Gummy Bear Lab

Gummy Bear Lab
What will happen to a gummy bear when you put it in water over
Hypothesis: (write your educated guess here)
gummy bears (large and small), graduated cylinders, balance, ruler,
balance, water, cup
1. Record your name and the size (large or small) and color of your
gummy bear in the first row of your table. Also record the data
for all the other members of your group.
2. Measure the length, width, and height of your bear in millimeters
3. Calculate the bear's volume. It's approximately a rectangular
prism. Volume = Length x Height x Width
4. Measure the mass with a balance in grams (g).
5. Calculate the density of the bear. Density = Mass / Volume
6. Put the bear in a cup of water. Label it with your name and
group number.
7. Repeat the measurements carefully on the second day and
record the data in the Table 2.
Table 1 - Day 1 - Before Soaking in
Color Length Height
(mm) (mm)
Mass (g)
Table 2 - Day 2 - After Soaking in
Color Length Height
(mm) (mm)
Mass (g)
What happened to the gummy bear?
How many times longer was the height of the bear? (new
height/original height)
How many times larger was the volume of the bear? (new
volume/original volume)
Which change is greater, height or volume? Why?
Was there a change in density? Why?
Write an explanation for what happened to the gummy bear.
What do you think gummy bears and other gummy candies are made
of? Why?
Gummy Bears Lab
By Caleb Cheung
Objectives & Summary
Students will predict what will happen to a gummy bear after it has been
soaking in water overnight.
Students will measure length, volume and mass, and relate the changes
in linear dimension to changes in volume. After soaking a gummy bear in
water overnight, it will expand eight times in volume.
Teacher Notes/Things To Do
1. There are two pages to this lab. Page one is handed out and done
on the first day. Page two is for the second day.
2. Have students work in groups with each student having their own
gummy bear. Make sure members of the group get different color
and size bears.
3. Talk about not eating the equipment.
4. Before handing out worksheets, present the problem and discuss
things that need to be recorded to notice any changes in the bear.
5. Discuss the definitions of length, height, and width, and different
ways to measure volume.
6. Explain the concept of density and why it is an important
7. Remind students to measure the gummy bears carefully because
they are small.
8. Graduated cylinders can also be used to measure volume via
displacement (Archimedes’ Principle).
9. Gummy Bears are extremely fragile after soaking in water. Make
sure students retrieve all pieces to measure everything accurately.
10. Gummy bears expand in water because they are made of gelatin
(same stuff as Jello™). They expand and basically become pieces of
11. Compare the changes in density, small vs. large bears, or have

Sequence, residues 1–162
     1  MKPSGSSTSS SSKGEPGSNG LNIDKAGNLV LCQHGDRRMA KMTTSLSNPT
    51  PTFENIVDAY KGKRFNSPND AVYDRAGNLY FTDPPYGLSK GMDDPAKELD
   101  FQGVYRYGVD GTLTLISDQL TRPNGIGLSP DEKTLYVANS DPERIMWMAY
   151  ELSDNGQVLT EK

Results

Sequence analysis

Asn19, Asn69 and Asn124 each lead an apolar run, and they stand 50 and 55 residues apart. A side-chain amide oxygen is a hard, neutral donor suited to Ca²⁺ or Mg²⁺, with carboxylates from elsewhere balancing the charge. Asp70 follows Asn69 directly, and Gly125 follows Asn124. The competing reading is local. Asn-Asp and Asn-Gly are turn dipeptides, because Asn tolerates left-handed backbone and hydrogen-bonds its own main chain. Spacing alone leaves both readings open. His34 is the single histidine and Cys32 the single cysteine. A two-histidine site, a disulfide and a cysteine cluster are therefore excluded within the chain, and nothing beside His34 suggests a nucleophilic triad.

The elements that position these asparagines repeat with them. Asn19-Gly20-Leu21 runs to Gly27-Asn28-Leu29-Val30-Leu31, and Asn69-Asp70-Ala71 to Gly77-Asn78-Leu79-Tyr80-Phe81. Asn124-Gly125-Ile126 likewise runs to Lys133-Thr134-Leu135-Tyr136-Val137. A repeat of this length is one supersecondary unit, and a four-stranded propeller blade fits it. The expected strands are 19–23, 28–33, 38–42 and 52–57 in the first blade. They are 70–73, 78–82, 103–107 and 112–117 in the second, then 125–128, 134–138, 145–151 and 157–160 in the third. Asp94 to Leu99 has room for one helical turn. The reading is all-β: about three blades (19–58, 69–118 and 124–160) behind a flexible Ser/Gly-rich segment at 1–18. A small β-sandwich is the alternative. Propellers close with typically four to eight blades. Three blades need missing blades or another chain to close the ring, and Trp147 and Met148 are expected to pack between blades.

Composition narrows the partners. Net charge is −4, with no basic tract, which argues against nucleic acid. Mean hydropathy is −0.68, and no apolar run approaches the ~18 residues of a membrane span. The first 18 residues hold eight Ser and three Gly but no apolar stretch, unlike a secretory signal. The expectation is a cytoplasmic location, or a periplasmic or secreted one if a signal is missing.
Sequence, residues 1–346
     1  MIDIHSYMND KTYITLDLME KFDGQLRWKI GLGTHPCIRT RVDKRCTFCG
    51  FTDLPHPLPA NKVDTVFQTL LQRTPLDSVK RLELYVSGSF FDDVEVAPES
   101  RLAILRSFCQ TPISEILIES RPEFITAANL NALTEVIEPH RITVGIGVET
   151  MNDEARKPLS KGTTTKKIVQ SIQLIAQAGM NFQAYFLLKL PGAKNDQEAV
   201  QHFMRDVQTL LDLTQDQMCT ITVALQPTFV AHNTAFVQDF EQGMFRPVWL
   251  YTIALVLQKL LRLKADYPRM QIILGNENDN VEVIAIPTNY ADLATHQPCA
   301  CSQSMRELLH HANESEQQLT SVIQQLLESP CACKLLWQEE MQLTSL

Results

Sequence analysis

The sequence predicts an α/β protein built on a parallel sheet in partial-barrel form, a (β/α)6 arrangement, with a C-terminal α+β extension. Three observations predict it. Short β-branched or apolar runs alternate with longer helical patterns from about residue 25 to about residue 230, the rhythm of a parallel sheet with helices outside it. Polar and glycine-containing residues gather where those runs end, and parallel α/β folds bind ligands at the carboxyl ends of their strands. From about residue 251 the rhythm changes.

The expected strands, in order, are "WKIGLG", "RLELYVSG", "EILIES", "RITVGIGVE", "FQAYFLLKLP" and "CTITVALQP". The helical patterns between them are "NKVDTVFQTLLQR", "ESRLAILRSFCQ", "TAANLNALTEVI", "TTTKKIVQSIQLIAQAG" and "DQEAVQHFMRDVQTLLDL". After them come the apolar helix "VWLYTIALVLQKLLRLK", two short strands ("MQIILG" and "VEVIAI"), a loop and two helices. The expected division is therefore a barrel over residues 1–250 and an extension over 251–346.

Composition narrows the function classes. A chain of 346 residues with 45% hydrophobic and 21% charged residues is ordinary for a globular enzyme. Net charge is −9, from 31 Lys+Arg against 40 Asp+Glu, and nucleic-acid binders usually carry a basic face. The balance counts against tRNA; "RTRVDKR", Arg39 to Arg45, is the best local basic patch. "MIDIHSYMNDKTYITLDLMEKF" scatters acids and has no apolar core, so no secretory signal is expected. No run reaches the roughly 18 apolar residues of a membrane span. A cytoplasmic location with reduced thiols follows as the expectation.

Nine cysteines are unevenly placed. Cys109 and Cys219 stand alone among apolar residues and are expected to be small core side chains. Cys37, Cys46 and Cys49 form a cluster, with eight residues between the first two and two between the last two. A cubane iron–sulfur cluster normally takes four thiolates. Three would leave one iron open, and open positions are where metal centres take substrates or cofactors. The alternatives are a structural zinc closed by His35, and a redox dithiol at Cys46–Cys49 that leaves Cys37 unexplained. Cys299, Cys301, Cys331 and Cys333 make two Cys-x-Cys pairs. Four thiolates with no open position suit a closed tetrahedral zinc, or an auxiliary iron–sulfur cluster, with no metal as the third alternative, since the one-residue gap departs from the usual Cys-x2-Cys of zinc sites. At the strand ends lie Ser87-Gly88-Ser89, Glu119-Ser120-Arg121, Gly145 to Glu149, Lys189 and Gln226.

students come up with their own questions to ask. Many different
relationships can be looked at.
12. Discuss how/why doubling the linear dimensions increases the
volume by eight times.
Making bar graphs to compare data.
Compare how much more candy is available for consumption after it
has been soaking in water.
Discuss size and scale in animals.
Example: Why do elephants sleep standing up? (tissue will get
damaged because of their weight) Why are there no birds the size
of ants or beetles the size of cows? (anatomy would not function,
different respiratory & circulatory systems)
Fill a jar with gummy bears. Have students guess how many are in
the jar based on calculations and explanations.
Write stories about the origins of gummy bears or how they were
Invent a new type of gummy candy that does not exist. Write or
draw a proposal and present it to the class for possible production.
(ex. nonfat gummy worms, hot gummy bears, gummy bears with
crickets in them)
Make gummy candies from scratch in the class with Make Your Own
Gummies Kit. (I'm currently experimenting with my own home
made version. Let me know if any one else has succeeded.)
For those that are more adventurous, explode your bears with a
Gummy Bear Oxidation Experiment.
Other Notes
In May 1997, a top tobacco executive said in a sworn statement
"Smoking is as addictive as gummy bears." Believe it or not.
Ingredients of gummy candies:
Fructose, corn syrup, sugar, sorbitol, gelatin*, citric acid, lactic acid,
fumaric acid, malic acid, "artificial" and/or "natural" flavors, red dye #40,
yellow dye #5, yellow dye #6, blue dye #1, beeswax, coconut oil,
carnauba wax, mineral oil, partially hydrogenated soybean oil, pear
concentrate, confectioner's glaze.
Gelatin* (made from cow by products, i.e. bones and hoofs) is the main
ingredient here. Combined with various sweeteners, dyes, and oils, it
becomes gummy candy.
A Question of Size, Exploratorium 1996 guide on their "Exploration of Size
and Scale" exhibit.
If the term "Gummy Bears" is a trademark, please let me know and I will
acknowledge it here in the future.